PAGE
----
United Statesv.West

United States Court of Appeals For the Seventh CircuitJun 25, 2013
No. 12-1858 (7th Cir. 2013)
No. 12-1858528 Fed. Appx. 602

No. 12-1858

06-25-2013

UNITED STATES OF AMERICA, Plaintiff-Appellee, v. EDWARD W. WEST, Defendant-Appellant.


NONPRECEDENTIAL DISPOSITION

To be cited only in accordance with

Fed. R. App. P. 32.1


Before


FRANK H. EASTERBROOK, Chief Judge


DANIEL A. MANION, Circuit Judge


DAVID F. HAMILTON, Circuit Judge


Appeal from the United States District

Court for the Eastern District of

Wisconsin.


No. 2:08-cr-00157


Rudolph T. Randa,

Judge.


ORDER

Appellant Edward W. West was charged with two 2008 bank robberies in Wisconsin. Three witnesses independently identified him as the robber in a lineup. The lineup was unconstitutional, though, because it was conducted in violation of West's right to counsel. The district court suppressed the evidence of the lineup itself but held after an evidentiary hearing that the witnesses would be allowed to make in-court identifications of the robber. West then pled guilty to two counts of armed bank robbery and two counts of using a firearm in a crime of violence. His plea agreement preserved his right to appeal the district court's denial of his motion to bar the three witnesses from testifying in court about whether West is the person who robbed the two banks. The agreement also gave him the right to withdraw his guilty pleas if he prevailed on appeal.

In a previous appeal, we vacated the defendant's convictions and remanded for further proceedings because the district court had not made the required findings under United States v. Wade, 388 U.S. 218, 240-41 (1967). See United States v. West, 628 F.3d 425 (7th Cir. 2010). When a court suppresses evidence of a prior identification of the accused, Wade held, the court may still allow in-court identification testimony if the government proves by clear and convincing evidence that a witness's in-court identification testimony would have a basis independent of the earlier, tainted identification procedure. We remanded for further consideration and findings on the issue.

The district court then held a hearing in February 2012 in which the three witnesses testified. Defense counsel was present. Mr. West participated only by telephone, so there were no new in-court identifications or reinforcements of prior viewings of Mr. West. The court issued a written ruling finding that the government had met its burden under Wade with clear and convincing evidence with respect to all three witnesses. Defendant West has appealed again.

Whether an in-court identification is sufficiently independent of a tainted pretrial identification under Wade has been treated as a mixed question of law and fact. Young v. Conway, 698 F.3d 69, 77 (2d Cir. 2012), rehearing en banc denied, 715 F.3d 79 (2d Cir. 2013); Tomlin v. Myers, 30 F.3d 1235, 1241 n.12 (9th Cir. 1994); U.S. ex rel. Thomas v. New Jersey, 472 F.2d 735, 739 (3d Cir. 1973). Accordingly, we review district court findings of historical facts for clear error but exercise independent judgment in applying the law to those historical facts and resolving the ultimate and decisive question of the independence in-court testimony the witness might give. See Ornelas v. United States, 517 U.S. 690, 696-97 (1996) (standard of review for findings of probable cause and reasonable suspicion); Thompson v. Keohane, 516 U.S. 99, 110 (1995) (same standard on habeas corpus review of whether suspect was in custody for purposes of Miranda warnings); Sumner v. Mata, 455 U.S. 591, 597 (1982) (same standard for constitutionality of pretrial identification procedures).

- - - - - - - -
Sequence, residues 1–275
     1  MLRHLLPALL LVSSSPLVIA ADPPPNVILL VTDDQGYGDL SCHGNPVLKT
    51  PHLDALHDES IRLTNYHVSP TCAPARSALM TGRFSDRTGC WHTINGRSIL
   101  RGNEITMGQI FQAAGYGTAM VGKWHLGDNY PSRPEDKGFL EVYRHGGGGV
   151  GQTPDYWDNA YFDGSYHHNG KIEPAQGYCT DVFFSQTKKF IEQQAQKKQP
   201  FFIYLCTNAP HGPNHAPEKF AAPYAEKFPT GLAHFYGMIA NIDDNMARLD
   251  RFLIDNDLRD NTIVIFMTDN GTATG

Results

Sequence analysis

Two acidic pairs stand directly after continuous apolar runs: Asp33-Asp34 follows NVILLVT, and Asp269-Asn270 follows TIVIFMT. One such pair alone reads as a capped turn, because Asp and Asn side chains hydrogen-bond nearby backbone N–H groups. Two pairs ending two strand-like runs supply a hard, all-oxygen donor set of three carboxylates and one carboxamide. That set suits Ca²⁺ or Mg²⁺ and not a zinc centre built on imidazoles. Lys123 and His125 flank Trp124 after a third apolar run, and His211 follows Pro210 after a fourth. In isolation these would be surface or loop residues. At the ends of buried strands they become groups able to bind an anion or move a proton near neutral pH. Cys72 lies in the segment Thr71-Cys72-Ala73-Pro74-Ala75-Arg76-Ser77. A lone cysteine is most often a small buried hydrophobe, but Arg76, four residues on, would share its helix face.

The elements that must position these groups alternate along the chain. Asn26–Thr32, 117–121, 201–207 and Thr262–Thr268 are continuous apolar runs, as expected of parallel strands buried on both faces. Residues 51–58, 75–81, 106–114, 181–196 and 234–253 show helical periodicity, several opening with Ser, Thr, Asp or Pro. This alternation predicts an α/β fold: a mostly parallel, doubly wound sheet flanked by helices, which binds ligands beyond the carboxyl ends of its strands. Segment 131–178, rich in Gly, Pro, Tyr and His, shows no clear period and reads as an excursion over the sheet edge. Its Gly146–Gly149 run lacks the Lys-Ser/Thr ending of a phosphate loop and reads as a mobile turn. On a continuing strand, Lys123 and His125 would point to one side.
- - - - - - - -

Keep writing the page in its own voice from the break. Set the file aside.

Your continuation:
Wade instructs courts to consider the following factors, which are not exclusive, when deciding whether a witness has a sufficient independent basis to provide a reliable and admissible in-court identification: "the prior opportunity to observe the alleged criminal act, the existence of any discrepancy between any pre-lineup description and the defendant's actual description, any identification prior to lineup of another person, the identification by picture of the defendant prior to the lineup, failure to identify the defendant on a prior occasion, and the lapse of time between the alleged act and the lineup identification." 388 U.S. at 241.

West does not challenge the district court's findings regarding two of the witnesses, Graham and Pues. The testimony of those witnesses showed clearly and convincingly under Wade an independent basis for in-court identification testimony they could provide. West argues, however, that the district court erred in finding that the third witness, Shikara Amore, would have an independent basis for an in-court identification. We focus our discussion on Ms. Amore's testimony.

The district court applied the Wade factors and found that Ms. Amore had a sufficient basis for providing an in-court identification of West as the robber. First, during the robbery, she had been very close to the robber, as close as one foot away. The lighting was good, her view was not obstructed, and she has 20/20 vision. The robber was wearing a sweatshirt with a hood up, but she had a clear view of the side of his face.